U.S. President in Poland: Donald Trump criticized Russia and affirmed his commitment to NATO’s mutual-defense provision in a highly anticipated speech today in Warsaw. That affirmation may come as some relief to critics who worried its omission at the NATO summit in May signaled a withdrawal from global leadership—yet as James Fallows writes, it emphasized racial and religious ties rather than democratic ideals. Trump gave a rambling answer at a press conference when asked whether he accepts that Russia interfered in his election. He also addressed North Korea’s long-range missile test this week, saying the U.S. response could include “some pretty severe things.”
About That Response: Though Trump will discuss the North Korea crisis tonight with South Korean and Japanese allies, he’s repeatedly pointed to China as the key to influencing the rogue state. At the same time, he’s expressed frustration with China's North Korea strategy, accusing Beijing of not exerting enough economic pressure. Trump’s also getting bipartisan support for increased military pressure on Pyongyang—but that plan risks escalating the problem. So, asks Peter Beinart, why won’t Democrats challenge Trump?
Meanwhile, in Washington: Walter Shaub, who’s clashed repeatedly Trump over ethics issues related to the president’s businesses, announced he will step down from his post as head of the Office of Government Ethics. As the Senate prepares to vote on Republicans’ health-care legislation, liberal activists are working to sustain the public backlash against the bill. Ten Democratic senators from red states see opposition to Trump as the path to reelection—while a book that predicted the president’s rise suggests a slightly different path for the left.
It may seem like the pamphleteer has subsumed the novelist. But Roy’s enterprise is less dutiful than it sounds. There is no grudging marriage of art and politics in her work; as John Berger, one of her longtime interlocutors and a formative influence, wrote, “Far from my dragging politics into art, art has dragged me into politics.” Roy’s work conveys a similar spirit. She is a great admirer of the world. Her strongest writing is always at the margins of the main story—the pleasure of finding “an egg hot from a hen,” or this passing detail from The God of Small Things: “A thin red cow with a protruding pelvic bone appeared and swam straight out to sea without wetting her horns, without looking back.” From the fine-grained affection that stirs her imagination springs an ethical imperative—after all, how can one appreciate the world without desiring to defend it? And it must be defended not merely from war or political calamity, but from that natural, more insidious phenomenon: forgetting.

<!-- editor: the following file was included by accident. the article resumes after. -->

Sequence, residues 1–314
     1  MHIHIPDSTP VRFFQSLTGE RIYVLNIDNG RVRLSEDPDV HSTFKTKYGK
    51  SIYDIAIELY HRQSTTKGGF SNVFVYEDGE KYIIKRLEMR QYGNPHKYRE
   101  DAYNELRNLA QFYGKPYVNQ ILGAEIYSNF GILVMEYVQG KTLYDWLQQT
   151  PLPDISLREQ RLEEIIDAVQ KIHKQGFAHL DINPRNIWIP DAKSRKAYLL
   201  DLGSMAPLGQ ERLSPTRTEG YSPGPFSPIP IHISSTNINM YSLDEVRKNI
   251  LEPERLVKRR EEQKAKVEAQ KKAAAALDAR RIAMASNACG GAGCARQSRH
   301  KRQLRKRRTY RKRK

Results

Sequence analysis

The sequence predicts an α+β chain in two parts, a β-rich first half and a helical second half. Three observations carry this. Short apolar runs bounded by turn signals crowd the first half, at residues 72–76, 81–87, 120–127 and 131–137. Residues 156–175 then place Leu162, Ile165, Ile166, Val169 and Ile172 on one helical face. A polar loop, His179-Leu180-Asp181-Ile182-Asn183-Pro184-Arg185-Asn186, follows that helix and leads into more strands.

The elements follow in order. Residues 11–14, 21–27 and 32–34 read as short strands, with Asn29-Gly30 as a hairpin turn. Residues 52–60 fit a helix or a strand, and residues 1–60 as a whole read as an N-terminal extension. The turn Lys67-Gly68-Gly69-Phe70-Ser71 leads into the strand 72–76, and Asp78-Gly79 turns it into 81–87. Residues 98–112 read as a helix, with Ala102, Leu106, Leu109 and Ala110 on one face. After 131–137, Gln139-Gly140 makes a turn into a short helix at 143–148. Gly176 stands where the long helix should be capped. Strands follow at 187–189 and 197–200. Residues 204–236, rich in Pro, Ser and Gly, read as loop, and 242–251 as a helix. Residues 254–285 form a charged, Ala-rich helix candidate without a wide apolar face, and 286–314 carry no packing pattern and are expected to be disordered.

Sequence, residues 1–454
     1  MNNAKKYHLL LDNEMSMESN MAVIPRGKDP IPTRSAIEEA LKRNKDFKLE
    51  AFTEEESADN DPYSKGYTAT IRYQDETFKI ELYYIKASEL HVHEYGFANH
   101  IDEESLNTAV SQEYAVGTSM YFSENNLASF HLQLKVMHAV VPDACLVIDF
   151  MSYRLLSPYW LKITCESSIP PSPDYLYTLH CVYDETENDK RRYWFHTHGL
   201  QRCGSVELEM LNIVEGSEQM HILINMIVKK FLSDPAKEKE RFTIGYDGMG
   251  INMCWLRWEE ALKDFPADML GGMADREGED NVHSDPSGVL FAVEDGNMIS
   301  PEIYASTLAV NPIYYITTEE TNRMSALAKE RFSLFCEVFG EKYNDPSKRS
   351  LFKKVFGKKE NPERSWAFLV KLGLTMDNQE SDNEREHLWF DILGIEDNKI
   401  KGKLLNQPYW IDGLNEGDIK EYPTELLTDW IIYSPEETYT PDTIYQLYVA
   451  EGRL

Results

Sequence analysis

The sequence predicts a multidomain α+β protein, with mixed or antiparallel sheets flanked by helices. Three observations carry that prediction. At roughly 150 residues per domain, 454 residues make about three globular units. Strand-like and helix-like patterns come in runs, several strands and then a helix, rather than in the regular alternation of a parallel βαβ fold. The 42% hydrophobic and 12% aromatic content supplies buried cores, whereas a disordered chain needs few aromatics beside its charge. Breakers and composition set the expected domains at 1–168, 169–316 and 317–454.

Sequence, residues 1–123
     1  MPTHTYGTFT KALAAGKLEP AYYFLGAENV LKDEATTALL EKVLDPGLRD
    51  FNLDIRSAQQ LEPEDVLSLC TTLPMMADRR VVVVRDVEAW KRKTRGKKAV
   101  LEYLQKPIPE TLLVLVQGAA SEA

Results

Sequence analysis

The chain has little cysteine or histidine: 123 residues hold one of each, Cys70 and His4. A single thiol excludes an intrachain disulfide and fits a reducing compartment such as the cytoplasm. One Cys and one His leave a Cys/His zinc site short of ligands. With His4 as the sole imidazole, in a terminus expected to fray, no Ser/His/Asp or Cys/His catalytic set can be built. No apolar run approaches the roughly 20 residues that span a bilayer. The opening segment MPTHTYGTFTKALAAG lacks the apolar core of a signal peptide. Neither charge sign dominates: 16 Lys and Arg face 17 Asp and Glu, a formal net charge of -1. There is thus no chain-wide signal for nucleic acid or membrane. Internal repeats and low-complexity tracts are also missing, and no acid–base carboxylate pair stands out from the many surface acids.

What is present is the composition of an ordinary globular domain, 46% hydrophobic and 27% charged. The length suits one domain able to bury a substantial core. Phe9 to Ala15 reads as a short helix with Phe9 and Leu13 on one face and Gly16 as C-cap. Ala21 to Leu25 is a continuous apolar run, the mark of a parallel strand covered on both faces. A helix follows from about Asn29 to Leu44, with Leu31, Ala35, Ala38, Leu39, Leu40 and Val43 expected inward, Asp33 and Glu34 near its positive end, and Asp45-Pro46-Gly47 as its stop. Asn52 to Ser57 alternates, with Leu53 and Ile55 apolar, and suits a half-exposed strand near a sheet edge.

Keep reading here as Sehgal reviews Roy’s latest novel, The Ministry of Utmost Happiness.
What Do You Know?
1. For drugs approved by the FDA between 1980 and 2000, it took an average of____________ years after approval to gather enough data to determine whether those drugs were safe for pregnant women to use.
Our partner siteCityLab explores the cities of the future and investigates the biggest ideas and issues facing city dwellers around the world. Adam Sneed shares three of today’s top stories:
Why is the alt-right so angry about modern architecture? These avant-garde buildings have become potent symbols of liberal urban elitism.
In the popular imagination, poverty is all about “inner cities” or extremely rural areas. But suburban poverty is real, it’s getting more severe, and it isn’t what you might expect.
High-rises often aren’t a natural fit for family life, meaning young parents and children struggle to live in denser urban areas. Toronto wanted to know how that could change, and its findings offer lessons to cities everywhere.
Christopher Orr callsSpider-Man: Homecoming “one of the best superhero movies in years.” But this commenter is skeptical:
Given that this is the third attempt at this character, there’s no excuse for them not to get it right. They should know by now what works and what doesn’t. But despite that, I just can’t get interested in yet another reboot of a character who feels like he's been on movie screens for the last 20 years. The thing about reboots is that you have to have enough time in between for people to start asking for them. I don’t know anyone who was asking for a Spider-Man reboot. The whole idea of reboots has become a crutch for Hollywood. When a series goes bad, like it did with Superman or Batman, start over. Or when your actors become too expensive, like they did with the first Spider-Man movies, start over with cheaper actors. It sounds like this new Spider-Man will do well. But if the series goes bad, we know what’ll happen—another reboot with yet another new actor. Sigh.
Happy birthday to Abdurrehman’s brother Abdurrafey (a year younger than Amazon), Mary (the same age as the Drug Enforcement Administration), Lori’s aunt Darlys (the same age as Barbra Streisand), Karen (a year younger than fiber-optic communication), Patrick’s daughter Kathleen (the same age as Serena Williams), and from Alex to Matthew (a year younger than the Disney Channel). And a happy belated birthday from Juan to his wife Ligia (a year younger than Barbie).
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